In a recent review, researchers have described the hepatic immune landscape, focusing particularly on the dynamic nature of liver macrophages and their significance in various liver diseases (Figure 1).
The liver, a vital organ, is home to a diverse array of macrophages, pivotal components of the innate immune response that also play essential roles in maintaining the organ’s health. Two distinct populations dominate this macrophage composition: liver resident macrophages, known as Kupffer cells (KCs), and monocytic macrophages originating from the bone marrow (MoMFs). These macrophage populations vary in origin and function, contributing to the liver’s equilibrium under normal conditions and during disease progression.
The researchers spotlight the significance of phenotyping liver macrophages based on their spatial distribution, emphasizing its value in liver disease-related research. Notably, the distribution of these macrophage populations changes markedly as liver disease evolves.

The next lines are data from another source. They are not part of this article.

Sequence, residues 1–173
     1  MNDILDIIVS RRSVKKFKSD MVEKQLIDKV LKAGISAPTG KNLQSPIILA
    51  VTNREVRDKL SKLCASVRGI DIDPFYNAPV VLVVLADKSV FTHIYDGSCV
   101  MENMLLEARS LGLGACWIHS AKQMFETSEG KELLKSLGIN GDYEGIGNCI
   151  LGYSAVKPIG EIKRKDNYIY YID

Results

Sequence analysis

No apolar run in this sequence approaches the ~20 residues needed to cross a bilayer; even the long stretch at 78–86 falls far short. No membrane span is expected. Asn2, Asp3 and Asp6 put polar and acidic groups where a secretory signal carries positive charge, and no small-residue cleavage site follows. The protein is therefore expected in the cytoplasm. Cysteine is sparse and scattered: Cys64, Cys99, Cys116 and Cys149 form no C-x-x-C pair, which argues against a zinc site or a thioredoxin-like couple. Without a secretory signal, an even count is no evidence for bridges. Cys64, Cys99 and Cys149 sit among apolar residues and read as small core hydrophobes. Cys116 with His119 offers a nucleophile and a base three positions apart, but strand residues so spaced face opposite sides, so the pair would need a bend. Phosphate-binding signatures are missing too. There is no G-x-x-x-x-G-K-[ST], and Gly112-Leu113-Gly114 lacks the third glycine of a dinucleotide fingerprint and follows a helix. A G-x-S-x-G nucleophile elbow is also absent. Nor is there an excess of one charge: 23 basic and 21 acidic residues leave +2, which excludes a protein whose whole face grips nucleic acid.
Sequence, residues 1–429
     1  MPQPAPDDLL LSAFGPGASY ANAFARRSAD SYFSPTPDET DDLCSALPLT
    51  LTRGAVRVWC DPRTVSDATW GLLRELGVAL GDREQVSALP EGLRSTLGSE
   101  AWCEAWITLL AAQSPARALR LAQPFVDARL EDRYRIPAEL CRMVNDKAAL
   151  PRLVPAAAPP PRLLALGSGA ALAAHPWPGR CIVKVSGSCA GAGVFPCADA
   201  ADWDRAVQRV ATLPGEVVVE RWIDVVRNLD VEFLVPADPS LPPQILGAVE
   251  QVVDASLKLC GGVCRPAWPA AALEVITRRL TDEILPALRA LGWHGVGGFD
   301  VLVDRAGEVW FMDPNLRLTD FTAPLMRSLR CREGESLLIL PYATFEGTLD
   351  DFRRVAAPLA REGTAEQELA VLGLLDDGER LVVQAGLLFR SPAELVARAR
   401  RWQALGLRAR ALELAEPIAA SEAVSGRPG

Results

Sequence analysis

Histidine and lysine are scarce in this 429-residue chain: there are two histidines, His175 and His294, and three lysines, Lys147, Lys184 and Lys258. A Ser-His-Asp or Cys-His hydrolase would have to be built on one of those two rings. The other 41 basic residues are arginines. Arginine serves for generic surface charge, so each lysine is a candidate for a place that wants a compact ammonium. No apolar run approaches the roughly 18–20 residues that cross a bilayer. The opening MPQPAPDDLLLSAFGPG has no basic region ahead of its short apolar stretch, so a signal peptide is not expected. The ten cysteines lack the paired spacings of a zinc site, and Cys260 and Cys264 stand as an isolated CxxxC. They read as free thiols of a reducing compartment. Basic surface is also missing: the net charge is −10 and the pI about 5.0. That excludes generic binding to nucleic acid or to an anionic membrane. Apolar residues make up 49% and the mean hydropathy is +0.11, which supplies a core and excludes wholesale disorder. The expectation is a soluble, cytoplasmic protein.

In later stages of liver diseases, notable transformations occur. Kupffer cells (KCs) experience depletion, while perilobular fibrotic areas exhibit an accumulation of monocytic macrophages (MoMFs) with heightened pro-inflammatory traits and impaired phagocytosis capabilities. Conversely, in fatty liver disease, lipid-associated macrophages make their presence felt in steatotic regions.
This comprehensive review sheds light on the intricate interplay between these diverse macrophage populations within the liver and their pivotal roles in both health and disease.
Journal article: Guillot., A., et al. 2023. Spatial dimension of macrophage heterogeneity in liver diseases. eGastroenterology.
Summary by Stefan Botha